President Joe Biden has been seen—throughout his entire career—as a moderate Democrat. For the entirety of his campaign, Mr. Biden has taken extra care to toe the line between the centrist and progressive wings of his party, selecting Kamala Harris, the most liberal member of the Senate, as his vice president while himself rejecting the demands of the hard left.

In fact, many saw Mr. Biden’s choice in running mate as a strategic move to bring both wings of his party together, as Ms. Harris herself is an advocate for the Green New Deal, Medicare for All and other progressive wish-list items. Mr. Biden’s careful pre-election positioning left many hoping for more liberal tendencies post-election; however, Mr. Biden has given no indication that he intends to change course now. Instead, he has continued to coast on coalition politics, doing his best to select cabinet picks that will appease both spectrums of his party.

Chief among the issues Mr. Biden has refused to take a progressive approach to is climate change. For months, leftist climate activists have called on the Biden camp to prioritize Green New Deal-esque, big-government environmental policy. For the most part, these calls have fallen on deaf ears, as Mr. Biden has never once fully embraced their climate platform. While elements of his climate plan are certainly inspired by the efforts of AOC and Ed Markey, others are decidedly not, including his promised investments in carbon capture technology, which Democrats often decry as a fossil fuel enabler.

Despite Mr. Biden’s prioritization of climate action, progressive climate activists have declared that anything short of a Green New Deal will never be enough. This was made painfully clear at the close of 2020, when over 300 environmental groups attempted to halt the biggest update to U.S. energy law in more than a decade—because it didn’t overhaul the entirety of the U.S. economy.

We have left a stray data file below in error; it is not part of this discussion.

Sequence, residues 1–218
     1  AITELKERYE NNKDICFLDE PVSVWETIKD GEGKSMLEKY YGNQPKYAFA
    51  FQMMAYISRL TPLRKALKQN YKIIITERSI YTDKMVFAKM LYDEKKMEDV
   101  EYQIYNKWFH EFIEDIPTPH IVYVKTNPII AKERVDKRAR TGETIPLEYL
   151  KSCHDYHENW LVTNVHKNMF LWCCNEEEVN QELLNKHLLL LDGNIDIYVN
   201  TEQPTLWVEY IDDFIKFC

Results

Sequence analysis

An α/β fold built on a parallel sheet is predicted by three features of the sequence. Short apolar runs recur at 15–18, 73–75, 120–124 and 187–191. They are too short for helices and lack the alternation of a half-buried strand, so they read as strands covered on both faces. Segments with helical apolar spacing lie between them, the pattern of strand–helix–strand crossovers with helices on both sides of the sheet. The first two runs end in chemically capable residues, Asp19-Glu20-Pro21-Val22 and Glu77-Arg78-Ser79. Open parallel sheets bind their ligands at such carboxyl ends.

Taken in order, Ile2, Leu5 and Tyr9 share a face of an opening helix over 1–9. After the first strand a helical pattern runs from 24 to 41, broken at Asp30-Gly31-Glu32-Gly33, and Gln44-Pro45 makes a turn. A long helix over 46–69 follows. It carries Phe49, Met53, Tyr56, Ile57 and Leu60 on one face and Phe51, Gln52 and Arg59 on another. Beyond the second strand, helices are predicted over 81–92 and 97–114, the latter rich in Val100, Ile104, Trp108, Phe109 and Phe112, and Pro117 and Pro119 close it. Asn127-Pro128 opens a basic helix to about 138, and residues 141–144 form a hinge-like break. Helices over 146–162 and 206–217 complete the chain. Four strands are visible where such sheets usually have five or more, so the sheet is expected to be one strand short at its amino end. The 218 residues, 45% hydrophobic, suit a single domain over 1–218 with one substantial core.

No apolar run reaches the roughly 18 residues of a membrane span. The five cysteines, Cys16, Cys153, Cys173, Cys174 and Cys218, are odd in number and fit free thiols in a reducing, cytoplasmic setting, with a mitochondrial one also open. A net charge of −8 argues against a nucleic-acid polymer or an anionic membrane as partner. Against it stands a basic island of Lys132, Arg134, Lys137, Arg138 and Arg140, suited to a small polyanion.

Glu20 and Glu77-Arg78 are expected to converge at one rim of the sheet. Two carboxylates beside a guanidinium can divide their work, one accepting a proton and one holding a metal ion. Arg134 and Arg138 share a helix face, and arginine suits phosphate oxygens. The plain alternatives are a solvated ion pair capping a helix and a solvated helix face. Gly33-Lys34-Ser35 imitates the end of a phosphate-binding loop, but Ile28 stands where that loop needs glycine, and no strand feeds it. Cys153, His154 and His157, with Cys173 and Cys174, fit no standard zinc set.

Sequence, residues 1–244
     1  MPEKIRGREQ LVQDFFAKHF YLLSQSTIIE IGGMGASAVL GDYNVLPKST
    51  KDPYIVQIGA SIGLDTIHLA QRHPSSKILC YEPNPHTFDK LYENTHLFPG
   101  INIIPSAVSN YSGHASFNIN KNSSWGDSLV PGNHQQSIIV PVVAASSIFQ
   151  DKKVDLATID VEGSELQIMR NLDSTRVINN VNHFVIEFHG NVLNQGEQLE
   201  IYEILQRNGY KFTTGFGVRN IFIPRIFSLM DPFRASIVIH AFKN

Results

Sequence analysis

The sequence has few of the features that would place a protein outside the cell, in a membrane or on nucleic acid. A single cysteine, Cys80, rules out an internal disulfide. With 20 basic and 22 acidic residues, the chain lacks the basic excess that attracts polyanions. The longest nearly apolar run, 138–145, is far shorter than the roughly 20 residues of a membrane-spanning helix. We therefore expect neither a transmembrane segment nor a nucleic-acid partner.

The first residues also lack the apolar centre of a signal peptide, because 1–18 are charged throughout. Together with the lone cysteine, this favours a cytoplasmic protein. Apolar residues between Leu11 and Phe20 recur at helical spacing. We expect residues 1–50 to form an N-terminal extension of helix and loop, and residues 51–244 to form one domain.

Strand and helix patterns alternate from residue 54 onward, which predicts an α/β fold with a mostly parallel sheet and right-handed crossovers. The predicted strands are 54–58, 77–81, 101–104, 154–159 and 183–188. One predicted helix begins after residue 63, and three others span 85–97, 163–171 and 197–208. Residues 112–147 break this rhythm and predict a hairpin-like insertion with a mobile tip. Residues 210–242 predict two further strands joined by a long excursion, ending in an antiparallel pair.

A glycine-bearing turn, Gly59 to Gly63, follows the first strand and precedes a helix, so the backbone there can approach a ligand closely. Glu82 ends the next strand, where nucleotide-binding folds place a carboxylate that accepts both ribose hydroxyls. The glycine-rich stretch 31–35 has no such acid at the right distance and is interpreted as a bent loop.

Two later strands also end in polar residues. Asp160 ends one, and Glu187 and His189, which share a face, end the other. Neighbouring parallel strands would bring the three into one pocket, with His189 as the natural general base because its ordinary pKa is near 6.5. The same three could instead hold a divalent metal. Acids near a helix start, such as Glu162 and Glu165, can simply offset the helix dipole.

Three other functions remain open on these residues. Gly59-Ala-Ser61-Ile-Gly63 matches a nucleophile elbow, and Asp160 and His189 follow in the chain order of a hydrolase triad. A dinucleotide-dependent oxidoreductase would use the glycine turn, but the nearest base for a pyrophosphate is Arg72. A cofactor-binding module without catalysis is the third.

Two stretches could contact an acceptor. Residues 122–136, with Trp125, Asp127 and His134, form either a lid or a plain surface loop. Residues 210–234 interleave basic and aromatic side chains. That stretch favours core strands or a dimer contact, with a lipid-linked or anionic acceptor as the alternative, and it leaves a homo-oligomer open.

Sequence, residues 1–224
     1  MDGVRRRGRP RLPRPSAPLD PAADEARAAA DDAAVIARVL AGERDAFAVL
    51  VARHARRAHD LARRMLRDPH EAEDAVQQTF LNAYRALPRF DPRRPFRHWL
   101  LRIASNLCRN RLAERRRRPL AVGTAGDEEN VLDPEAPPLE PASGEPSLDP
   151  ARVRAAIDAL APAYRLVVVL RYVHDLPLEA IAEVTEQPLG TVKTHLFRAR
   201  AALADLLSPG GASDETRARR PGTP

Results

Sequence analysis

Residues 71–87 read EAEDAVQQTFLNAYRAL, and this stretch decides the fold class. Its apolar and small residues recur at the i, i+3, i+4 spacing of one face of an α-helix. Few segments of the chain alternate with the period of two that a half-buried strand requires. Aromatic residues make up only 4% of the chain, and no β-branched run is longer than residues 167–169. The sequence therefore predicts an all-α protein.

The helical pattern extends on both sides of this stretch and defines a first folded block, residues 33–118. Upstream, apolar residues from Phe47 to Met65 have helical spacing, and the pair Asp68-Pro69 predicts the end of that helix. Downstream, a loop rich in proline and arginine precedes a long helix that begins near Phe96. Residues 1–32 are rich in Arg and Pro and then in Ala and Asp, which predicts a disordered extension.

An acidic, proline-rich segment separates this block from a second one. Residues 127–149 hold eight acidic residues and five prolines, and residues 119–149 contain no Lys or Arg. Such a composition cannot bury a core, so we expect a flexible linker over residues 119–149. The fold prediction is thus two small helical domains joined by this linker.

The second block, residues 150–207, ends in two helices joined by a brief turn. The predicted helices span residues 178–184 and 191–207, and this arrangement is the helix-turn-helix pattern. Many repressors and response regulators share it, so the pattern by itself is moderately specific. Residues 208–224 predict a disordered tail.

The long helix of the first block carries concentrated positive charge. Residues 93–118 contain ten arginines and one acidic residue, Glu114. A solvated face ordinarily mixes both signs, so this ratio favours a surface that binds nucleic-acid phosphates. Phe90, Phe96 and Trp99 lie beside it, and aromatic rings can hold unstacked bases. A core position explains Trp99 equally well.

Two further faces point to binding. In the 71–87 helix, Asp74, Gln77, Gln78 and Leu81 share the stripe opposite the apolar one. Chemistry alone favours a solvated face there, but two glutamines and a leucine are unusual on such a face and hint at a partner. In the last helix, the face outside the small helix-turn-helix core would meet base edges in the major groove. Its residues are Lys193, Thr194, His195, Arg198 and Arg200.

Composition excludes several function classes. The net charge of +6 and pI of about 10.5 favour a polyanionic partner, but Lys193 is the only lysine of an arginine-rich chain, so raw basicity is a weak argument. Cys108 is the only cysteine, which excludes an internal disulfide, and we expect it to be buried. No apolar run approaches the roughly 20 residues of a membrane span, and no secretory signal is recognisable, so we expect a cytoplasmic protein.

The inability and unwillingness to compromise on the left means that serious climate solutions will stall as the urgency for action grows. While the left claims we don’t have time for incremental progress, climate incrementalism is oftentimes the only way that emissions are reduced. One such example of this is in the case of natural gas overtaking coal production—while greatly reducing our emissions, natural gas utilization is simply not on the table for progressives.

For this reason, conservative climate activists and climate-minded Republicans in Congress may just be President Biden’s unlikely allies in garnering meaningful environmental policy. It’s true that we do not agree on every solution, but we have far more in common than with those who are Green New Deal or bust. Together, we can promote incentivizing the development of key emission-reducing technologies, maintaining our current nuclear fleet, developing advanced SMRs and modernizing our nation’s infrastructure. While this may not be the economic remake liberals hope for, these steps are not insignificant and would pave the way for lower emissions and a cleaner future.

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